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Germs and Hand-Washing

Germs are very small living things that are too tiny to see with our eyes. People need special equipment to see germs.  For example, a microscope makes things look bigger, so when a scientist looks through a microscope, he or she can see the germs.

 

Germs are everywhere, and some germs make people sick.  If a person catches a cold, the cold started with germs.  When someone gets the flu, germs got into his or her body. Germs get into our bodies through our mouth, nose, eyes, or other body openings, including through a cut in the skin.  

Germs are alive, so they can move and are able to grow.  When they grow, they get bigger.  Germs also spread.  If germs spread, they move from one place to other places; for example, if a person is sick and coughs or sneezes into the air, the germs spread. Then these germs might make other people sick.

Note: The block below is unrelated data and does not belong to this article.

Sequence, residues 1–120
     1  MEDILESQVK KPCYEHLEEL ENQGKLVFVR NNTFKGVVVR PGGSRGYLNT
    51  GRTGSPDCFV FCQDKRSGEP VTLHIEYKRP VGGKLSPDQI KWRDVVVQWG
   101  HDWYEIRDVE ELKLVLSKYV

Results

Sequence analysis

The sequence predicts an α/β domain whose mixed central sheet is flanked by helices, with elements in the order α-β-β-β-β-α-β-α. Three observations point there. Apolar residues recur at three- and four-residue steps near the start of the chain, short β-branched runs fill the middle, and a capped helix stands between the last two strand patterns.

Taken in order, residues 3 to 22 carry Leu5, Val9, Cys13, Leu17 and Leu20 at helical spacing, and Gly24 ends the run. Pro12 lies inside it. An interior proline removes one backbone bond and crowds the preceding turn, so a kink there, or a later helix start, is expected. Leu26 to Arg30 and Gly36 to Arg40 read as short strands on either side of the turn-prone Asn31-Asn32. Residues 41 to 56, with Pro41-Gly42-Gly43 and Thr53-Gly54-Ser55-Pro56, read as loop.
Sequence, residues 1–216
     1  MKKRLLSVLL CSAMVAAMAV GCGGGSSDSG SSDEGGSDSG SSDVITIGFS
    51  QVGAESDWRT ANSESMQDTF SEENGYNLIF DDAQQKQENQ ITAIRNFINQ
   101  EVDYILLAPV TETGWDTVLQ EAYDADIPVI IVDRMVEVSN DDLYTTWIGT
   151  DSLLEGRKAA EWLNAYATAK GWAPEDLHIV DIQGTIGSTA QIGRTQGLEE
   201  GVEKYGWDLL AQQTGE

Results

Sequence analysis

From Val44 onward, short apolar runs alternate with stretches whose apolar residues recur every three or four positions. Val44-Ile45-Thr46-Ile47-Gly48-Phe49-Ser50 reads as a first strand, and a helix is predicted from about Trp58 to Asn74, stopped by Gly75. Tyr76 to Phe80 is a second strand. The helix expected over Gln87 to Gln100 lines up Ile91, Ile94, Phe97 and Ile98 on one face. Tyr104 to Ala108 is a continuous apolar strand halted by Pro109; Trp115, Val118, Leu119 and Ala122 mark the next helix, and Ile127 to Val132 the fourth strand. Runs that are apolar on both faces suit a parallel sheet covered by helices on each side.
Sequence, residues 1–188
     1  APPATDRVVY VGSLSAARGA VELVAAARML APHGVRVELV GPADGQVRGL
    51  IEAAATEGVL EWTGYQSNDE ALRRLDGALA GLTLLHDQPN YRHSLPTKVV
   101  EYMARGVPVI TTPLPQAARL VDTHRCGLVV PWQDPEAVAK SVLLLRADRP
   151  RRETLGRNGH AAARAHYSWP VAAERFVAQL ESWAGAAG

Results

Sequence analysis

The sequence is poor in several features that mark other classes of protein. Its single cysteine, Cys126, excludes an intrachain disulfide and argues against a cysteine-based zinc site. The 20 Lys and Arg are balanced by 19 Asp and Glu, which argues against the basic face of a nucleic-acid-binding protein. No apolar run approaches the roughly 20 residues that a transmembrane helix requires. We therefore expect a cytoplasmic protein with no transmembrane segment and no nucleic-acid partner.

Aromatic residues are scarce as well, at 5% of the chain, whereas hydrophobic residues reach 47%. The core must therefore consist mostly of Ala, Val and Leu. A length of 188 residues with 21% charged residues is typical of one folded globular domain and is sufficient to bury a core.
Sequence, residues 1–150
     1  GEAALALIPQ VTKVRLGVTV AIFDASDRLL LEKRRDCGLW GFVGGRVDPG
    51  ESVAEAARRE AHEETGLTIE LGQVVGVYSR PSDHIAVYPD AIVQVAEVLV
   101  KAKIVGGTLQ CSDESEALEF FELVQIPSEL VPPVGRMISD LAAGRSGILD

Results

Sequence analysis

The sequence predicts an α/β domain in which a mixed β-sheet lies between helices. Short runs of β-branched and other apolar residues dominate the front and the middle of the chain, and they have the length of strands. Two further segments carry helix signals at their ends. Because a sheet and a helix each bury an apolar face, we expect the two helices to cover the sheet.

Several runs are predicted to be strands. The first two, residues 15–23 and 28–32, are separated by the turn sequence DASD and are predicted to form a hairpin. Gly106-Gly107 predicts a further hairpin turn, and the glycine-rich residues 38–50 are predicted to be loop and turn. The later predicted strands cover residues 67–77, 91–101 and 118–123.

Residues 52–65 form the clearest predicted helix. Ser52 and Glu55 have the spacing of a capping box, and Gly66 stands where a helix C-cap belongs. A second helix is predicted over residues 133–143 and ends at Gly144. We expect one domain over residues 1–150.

For good health, we must try to stop germs from spreading.   One of the easiest and most important ways is to wash our hands. The correct way to wash hands is to use warm water, soap, and friction.  When we rub our hands together, we create friction. This helps the soap and water remove the germs.

We should wash our hands often.  Washing our hands after sneezing, coughing, touching uncooked food, touching animals, and after going to the bathroom is important to remember.  Washing our hands after we have been out in public is also a good idea, especially if we have touched doors, handles, or railings, because others may have touched these surfaces without having washed their hands. Washing our hands before eating or preparing food is also extremely important.

Remembering this important information about how germs spread and how to stop them from spreading by washing our hands can help keep us and those around us healthier.

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© 2015 by Southwest Adult Basic Education

Project made financially possible through grants from:

Southwest Initiative Foundation, Marshall Community Foundation, Southwest Regional Transition Partners, Southwest Adult Basic Education, Marshall Healthcare Partners